I’ve been instructed to report for jury duty this morning. No, lawyers aren’t automatically exempted from jury duty. We’re just like everybody else.

Now, unlike a lot of other potential jurors, I want to serve. I can not think of a better possible way to improve myself at my profession than to serve on a jury — to see what other lawyers do, and to hear and witness how jurors actually deliberate. Ironically, I just finished an MCLE class on jury selection. And obviously, I’m quite comfortable in the court; it’s a familiar environment for me.

And as it happens, I have some substantial documents that I can review while I’m waiting to be picked so if there is idle time — and from what jurors have told me before, there is plenty of that — it won’t be a complete waste of the opportunity to get work done.

Then there’s the issue of the fact that there are damn few things the government makes you do. You have to register for the draft. You have to file a tax return. And you have to serve jury duty once a year if you’re picked. I’ve been back in California six years and this is the first time I’ve even been summoned to make myself available to be picked. These are hardly onerous civic duties.

The issue is: will another lawyer want me on their jury? And the answer ultimately depends on things I’ve not even a glimmer of hope of controlling — what kind of case it is and what those attorneys think of having someone who will be capable of analytical thought and retention of evidence on the jury will do to the deliberations. Maybe they both want someone like that for their case.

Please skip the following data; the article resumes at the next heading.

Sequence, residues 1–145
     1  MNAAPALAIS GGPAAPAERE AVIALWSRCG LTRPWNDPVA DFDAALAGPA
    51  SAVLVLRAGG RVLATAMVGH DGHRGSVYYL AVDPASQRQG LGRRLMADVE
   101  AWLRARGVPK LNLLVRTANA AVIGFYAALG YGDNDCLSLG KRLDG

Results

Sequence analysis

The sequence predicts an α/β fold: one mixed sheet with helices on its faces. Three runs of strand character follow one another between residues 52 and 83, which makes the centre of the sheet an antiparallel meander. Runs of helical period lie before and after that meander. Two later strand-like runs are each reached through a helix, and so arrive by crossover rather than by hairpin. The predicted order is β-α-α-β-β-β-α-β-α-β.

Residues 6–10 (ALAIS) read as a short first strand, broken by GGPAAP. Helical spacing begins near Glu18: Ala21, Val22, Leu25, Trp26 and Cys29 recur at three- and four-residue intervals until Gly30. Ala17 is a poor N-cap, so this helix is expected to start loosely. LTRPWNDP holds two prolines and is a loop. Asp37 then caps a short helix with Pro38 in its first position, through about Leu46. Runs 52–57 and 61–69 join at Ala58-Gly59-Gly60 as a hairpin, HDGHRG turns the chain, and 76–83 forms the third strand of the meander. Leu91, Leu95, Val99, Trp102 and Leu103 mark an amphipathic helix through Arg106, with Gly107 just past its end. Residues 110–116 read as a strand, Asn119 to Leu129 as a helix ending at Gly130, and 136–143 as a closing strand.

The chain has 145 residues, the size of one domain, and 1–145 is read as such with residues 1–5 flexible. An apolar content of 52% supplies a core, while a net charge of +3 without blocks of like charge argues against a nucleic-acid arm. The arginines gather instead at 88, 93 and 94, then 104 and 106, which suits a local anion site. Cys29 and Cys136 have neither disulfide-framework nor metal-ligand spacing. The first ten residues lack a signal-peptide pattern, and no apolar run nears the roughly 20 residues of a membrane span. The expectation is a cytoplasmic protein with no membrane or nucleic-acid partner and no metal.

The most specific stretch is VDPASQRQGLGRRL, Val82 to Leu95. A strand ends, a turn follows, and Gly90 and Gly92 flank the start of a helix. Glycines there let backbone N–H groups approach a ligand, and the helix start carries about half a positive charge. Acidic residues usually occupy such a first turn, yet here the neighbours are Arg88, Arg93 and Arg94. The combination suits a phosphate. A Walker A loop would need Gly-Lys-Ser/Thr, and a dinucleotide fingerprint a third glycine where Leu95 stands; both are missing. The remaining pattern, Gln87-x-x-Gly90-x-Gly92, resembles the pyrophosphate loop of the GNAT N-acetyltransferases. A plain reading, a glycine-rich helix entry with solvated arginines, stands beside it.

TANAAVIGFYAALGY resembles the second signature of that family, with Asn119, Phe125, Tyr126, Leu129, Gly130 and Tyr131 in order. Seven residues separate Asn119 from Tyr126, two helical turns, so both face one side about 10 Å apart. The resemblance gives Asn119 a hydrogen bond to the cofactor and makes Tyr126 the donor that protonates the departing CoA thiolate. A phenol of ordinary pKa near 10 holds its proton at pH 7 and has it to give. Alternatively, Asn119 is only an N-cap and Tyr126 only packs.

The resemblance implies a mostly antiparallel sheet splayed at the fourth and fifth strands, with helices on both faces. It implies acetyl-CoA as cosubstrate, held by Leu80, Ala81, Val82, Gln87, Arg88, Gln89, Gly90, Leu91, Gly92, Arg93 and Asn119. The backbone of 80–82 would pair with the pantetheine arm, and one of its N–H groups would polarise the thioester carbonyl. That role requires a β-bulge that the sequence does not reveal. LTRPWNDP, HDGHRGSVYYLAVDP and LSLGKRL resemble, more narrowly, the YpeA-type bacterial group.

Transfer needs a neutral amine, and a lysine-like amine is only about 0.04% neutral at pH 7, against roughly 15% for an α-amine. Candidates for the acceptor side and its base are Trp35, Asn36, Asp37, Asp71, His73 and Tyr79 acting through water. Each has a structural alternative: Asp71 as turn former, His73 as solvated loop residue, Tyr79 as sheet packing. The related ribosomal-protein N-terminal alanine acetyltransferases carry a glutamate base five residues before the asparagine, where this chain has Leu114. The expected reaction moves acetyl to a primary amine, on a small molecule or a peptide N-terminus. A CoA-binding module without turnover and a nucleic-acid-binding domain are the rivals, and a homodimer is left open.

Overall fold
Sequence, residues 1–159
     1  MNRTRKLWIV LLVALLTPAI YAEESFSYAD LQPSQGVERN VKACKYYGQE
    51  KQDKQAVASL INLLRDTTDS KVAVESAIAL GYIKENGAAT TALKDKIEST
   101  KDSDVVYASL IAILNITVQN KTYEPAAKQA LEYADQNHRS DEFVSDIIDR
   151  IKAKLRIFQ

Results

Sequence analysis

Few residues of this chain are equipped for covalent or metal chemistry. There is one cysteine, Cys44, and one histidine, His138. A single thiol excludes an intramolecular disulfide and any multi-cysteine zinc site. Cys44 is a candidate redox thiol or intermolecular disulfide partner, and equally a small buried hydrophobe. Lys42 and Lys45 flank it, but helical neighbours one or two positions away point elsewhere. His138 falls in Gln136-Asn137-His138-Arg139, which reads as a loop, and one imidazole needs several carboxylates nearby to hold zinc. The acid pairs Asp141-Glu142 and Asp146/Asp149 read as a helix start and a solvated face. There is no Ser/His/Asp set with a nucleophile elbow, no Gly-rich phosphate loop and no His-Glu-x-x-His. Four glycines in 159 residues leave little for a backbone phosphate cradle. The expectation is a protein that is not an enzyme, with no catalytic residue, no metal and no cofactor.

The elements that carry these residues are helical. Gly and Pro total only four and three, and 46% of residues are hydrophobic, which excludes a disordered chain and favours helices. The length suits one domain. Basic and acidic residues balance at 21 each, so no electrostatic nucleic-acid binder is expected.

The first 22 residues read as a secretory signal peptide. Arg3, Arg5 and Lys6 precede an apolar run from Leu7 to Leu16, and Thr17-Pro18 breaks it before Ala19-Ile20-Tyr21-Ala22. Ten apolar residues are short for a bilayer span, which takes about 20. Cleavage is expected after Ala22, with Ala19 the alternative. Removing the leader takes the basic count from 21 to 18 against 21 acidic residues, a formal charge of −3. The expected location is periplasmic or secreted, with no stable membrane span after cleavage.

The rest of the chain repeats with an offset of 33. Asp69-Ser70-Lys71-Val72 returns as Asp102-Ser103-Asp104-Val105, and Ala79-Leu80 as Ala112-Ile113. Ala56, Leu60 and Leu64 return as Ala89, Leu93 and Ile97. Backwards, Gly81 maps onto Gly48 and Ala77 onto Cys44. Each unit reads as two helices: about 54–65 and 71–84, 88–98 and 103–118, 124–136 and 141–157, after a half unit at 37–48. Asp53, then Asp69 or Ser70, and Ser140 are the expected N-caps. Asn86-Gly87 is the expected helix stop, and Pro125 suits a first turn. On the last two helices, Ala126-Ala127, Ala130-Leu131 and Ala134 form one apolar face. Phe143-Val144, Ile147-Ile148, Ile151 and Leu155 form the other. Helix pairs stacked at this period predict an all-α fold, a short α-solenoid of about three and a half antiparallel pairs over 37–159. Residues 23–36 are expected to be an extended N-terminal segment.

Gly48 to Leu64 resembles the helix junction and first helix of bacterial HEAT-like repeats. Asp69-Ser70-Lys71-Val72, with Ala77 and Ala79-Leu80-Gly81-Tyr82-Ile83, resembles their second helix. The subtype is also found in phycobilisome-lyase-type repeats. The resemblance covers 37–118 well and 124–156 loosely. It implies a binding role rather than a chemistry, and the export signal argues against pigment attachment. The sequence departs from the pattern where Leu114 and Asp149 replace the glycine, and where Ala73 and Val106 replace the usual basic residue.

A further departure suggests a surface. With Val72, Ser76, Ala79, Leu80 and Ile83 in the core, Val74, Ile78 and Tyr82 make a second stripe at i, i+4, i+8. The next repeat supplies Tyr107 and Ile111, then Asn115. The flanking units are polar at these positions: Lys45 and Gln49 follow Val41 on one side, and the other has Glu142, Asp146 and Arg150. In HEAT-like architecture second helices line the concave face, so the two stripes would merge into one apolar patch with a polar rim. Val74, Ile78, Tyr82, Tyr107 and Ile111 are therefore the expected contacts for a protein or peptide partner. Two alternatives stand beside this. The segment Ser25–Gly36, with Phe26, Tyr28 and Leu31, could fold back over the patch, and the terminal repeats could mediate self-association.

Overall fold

[ADDED]: After waiting around all day, I was finally excused from service at 4:30. I’ll have more detailed thoughts in a follow-up post.

* There seems to be a trend amongst other sub-bloggers here to emulate the Mindless Diversions format of a one-word-with-exclamation-point blog post title. At least this week there is. Now I’m part of the problem.

Burt Likko

Pseudonymous Portlander. Homebrewer. Atheist. Recovering litigator. Recovering Republican. Recovering Catholic. Recovering divorcé. Recovering Former Editor-in-Chief of Ordinary Times. House Likko's Words: Scite Verum. Colite Iusticia. Vivere Con Gaudium.


  1. I got ditched last time because of the street that I live on.

    SES is probably more likely what’ll get you scratched, if anything. (maybe that’s just my town, but when I was on a jury, folks seemed capable of intelligent thought, no matter what background they were from).

  2. No politics. I want to serve but I always make the mistake of telling the truth during voir dire. It amounts to me effectively recusing myself.

    • I’m not trying to be political here. More of a professional amusement than anything else that I should be called. As Kim correctly points out, the odds of my actually making it on to a panel are very small. I’m virtually certain to be back in the office tomorrow. But maybe I’ll learn something from the experience, which I’ll be sure to share here because I love my Readers.

      And yes, you should be honest during voir dire. There are a variety of ways to be honest. “I think the law ought to be different than it is” is every bit as true as “I will refuse to convict someone of that so-called ‘crime.'”